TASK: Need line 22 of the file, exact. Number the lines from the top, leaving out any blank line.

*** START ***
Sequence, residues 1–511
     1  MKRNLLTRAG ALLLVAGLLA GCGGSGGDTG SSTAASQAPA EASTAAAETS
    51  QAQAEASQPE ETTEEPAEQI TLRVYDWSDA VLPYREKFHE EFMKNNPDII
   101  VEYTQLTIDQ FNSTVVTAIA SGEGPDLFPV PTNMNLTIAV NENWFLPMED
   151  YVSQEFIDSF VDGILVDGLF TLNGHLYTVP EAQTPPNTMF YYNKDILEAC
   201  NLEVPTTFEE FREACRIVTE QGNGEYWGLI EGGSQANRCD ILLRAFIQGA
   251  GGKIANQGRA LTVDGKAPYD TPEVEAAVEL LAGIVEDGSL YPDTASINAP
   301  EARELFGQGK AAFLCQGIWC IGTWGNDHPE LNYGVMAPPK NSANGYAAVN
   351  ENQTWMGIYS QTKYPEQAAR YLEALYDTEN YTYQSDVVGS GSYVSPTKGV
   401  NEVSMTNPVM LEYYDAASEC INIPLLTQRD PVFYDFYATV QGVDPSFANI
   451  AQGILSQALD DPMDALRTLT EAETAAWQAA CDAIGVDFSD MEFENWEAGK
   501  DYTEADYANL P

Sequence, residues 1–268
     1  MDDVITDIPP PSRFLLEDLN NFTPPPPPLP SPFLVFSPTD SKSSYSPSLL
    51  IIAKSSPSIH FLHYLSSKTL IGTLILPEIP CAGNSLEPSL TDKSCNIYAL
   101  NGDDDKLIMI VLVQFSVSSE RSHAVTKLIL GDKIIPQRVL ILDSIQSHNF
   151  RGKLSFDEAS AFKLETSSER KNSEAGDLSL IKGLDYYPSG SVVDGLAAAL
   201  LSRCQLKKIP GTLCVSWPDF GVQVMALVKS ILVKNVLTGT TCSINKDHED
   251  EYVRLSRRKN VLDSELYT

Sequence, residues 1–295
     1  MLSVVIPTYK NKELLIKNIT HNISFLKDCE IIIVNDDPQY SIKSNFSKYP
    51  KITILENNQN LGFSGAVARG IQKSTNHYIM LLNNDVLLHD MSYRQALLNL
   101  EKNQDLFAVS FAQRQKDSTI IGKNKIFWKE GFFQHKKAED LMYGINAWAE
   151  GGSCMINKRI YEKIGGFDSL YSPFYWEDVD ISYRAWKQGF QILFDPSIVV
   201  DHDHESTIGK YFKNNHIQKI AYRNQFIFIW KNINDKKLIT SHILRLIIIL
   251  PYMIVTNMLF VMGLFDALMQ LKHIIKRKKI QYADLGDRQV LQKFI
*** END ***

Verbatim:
    51  KITILENNQN LGFSGAVARG IQKSTNHYIM LLNNDVLLHD MSYRQALLNL